Most importantly, don’t try to track this on an envelope that sits on the kitchen table (trust me I have seen this done)! Get a good budget planner and take this seriously if you want to gain financial freedom!!
Zero Based Budgeting and Irregular Income
Yes, just like any other budget, this one will work fine. Just make a plan based on a low-income month.
Then, if you make more income and have leftover money, again, put this in your emergency fund or pay extra towards debt. Even go on a date night with your significant other but make sure every dollar has a home!
If it is an unexpected lower income month, cross off the things that are least important on your budget. Just remember to get those gift cards or cash payouts from Survey Junkie to make up for those lower income months!
Is Zero Based Budgeting Important?
Are you trying to gain financial freedom? If yes, then having a budget is essential!
Are you trying to save up a nest egg? You need a budget (spending plan) to achieve this goal much quicker. Are you trying to save up at least two months of salary for an emergency fund and pay a bit extra to debt? Then you need a budget, and I suggest at least trying to zero-based budget!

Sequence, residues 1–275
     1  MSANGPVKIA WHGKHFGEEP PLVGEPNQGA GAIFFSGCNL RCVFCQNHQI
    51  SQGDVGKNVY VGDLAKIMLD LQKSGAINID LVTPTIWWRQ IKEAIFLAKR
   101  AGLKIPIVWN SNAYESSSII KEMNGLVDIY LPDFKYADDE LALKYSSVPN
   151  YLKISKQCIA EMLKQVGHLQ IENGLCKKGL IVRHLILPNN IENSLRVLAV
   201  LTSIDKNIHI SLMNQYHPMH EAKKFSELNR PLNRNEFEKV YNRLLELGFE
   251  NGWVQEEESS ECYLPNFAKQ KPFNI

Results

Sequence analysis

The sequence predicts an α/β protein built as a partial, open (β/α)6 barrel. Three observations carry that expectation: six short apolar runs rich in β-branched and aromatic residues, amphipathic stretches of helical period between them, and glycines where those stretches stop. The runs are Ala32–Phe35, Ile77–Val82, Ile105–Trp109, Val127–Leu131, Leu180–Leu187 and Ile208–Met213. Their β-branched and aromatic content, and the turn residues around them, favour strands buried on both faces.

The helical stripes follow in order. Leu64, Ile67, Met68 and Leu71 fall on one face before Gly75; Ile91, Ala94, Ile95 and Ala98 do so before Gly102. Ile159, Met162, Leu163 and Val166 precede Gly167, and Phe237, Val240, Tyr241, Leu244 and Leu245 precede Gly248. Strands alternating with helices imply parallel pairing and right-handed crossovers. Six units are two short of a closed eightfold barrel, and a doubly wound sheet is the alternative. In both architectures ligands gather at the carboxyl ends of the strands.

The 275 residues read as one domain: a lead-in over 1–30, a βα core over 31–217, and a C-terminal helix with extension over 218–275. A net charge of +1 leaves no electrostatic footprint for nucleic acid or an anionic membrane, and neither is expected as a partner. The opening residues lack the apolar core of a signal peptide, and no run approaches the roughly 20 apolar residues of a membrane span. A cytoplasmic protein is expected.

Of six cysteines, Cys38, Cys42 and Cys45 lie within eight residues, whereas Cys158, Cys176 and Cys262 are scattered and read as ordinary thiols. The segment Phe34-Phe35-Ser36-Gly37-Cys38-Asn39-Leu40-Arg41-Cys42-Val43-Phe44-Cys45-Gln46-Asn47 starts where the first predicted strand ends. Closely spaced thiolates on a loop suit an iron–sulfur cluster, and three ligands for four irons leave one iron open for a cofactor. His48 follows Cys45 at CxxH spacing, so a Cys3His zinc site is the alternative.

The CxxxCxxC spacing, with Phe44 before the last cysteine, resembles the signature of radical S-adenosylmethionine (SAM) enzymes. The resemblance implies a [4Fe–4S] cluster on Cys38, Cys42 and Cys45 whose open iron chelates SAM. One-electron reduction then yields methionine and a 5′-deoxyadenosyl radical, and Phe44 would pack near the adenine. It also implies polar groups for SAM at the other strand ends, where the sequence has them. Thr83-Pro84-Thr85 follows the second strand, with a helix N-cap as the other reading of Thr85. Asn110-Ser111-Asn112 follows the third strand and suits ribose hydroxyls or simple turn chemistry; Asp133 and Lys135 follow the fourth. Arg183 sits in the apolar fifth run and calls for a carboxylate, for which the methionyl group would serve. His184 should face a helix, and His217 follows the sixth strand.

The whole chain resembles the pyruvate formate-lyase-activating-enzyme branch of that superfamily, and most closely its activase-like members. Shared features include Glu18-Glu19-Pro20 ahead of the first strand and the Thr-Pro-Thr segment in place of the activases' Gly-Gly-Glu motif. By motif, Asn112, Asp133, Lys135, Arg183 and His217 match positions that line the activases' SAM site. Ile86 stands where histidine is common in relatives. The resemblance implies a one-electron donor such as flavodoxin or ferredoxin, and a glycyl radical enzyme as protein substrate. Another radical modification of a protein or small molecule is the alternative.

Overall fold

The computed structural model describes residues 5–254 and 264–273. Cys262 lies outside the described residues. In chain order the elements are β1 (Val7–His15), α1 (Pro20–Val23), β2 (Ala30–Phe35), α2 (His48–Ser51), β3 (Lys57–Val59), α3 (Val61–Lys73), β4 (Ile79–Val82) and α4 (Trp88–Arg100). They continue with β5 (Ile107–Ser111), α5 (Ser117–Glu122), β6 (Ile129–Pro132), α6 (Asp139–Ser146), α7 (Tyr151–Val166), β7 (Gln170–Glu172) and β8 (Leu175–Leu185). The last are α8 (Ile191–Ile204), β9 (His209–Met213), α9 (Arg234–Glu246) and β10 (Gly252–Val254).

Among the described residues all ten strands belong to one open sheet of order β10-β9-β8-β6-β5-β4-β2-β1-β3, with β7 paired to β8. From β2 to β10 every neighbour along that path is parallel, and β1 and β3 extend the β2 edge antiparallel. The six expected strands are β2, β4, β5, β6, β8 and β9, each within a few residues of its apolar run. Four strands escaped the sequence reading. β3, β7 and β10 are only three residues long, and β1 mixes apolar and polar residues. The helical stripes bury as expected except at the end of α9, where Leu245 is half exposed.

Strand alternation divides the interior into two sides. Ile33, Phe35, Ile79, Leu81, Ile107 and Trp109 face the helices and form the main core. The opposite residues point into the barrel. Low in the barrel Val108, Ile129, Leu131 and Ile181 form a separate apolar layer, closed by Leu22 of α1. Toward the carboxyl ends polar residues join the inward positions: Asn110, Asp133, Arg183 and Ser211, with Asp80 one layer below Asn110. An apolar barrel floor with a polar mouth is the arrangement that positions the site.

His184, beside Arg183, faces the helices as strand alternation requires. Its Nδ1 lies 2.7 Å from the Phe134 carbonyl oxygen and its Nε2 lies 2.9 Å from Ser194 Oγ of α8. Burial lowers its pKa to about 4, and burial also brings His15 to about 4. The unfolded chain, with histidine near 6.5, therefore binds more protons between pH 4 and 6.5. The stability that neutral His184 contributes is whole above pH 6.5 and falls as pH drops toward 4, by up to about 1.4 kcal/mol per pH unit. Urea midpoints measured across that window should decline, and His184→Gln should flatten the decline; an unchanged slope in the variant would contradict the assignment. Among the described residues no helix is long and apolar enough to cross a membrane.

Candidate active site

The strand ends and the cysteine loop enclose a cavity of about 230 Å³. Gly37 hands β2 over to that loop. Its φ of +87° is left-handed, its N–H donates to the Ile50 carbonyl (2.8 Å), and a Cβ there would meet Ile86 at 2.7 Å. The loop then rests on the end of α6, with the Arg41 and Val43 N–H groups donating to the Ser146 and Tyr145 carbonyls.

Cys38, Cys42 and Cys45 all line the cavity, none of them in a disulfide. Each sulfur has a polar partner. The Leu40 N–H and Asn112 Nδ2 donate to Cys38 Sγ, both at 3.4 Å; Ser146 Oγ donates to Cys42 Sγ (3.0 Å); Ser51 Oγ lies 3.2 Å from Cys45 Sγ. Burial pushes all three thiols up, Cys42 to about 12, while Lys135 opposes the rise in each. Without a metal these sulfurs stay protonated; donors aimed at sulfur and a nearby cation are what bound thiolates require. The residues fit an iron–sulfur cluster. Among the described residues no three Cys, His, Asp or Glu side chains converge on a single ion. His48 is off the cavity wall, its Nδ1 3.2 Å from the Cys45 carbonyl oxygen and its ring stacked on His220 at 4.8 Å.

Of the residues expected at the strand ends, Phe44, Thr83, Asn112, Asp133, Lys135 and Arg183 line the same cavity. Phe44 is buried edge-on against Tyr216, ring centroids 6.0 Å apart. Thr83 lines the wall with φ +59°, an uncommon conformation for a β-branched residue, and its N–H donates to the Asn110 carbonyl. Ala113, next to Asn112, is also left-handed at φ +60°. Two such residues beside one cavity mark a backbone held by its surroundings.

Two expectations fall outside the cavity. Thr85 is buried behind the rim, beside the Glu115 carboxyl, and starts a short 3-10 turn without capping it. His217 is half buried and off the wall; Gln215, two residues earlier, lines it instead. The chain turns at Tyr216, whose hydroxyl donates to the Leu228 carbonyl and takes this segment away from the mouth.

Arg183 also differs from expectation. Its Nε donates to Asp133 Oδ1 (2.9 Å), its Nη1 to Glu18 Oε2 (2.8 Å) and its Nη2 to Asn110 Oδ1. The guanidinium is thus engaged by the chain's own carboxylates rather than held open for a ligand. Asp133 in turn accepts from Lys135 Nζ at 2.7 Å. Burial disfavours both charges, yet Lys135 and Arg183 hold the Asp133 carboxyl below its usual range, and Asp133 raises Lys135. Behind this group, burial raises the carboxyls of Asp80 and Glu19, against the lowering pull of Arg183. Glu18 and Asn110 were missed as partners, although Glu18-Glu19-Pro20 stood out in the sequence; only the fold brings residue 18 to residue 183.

Also, keep in mind a budget doesn’t limit your freedom. It allows you even more freedom in your spending and makes your money go further because you are NOT spending on unimportant things. Your not spending on the things you “want” as often as you were!
Advantages and Disadvantages of Zero Based Budgeting
This budgeting system is fully customizable and fits almost any financial situation.
Zero-based budgeting, or for that matter, any budgeting method keeps you aware of where your money goes, which also prevents you from spending money you don’t have.
You can plan for stuff you want and not have to sacrifice!
Zero-based budgeting is very time consuming and requires daily monitoring!
Variable expenses pose a problem. Accounting for these in a zero-based budget is problematic. The way to combat this is to create a separate savings fund strictly for those variable expenses to better plan for them in this budget.
To sum up…
Above all, try a budget out. Try zero-based budgeting, and if it doesn’t work out, try a different budget method. Trust me; if you budget your money effectively, it will make a world of difference.
Remember, there will be some growing pains when initially doing a budget. Stick to it and make it a habit!
YOUR TURN – Do you use a household budget? Any advice for people that are new to budgeting? Let us know in the comments.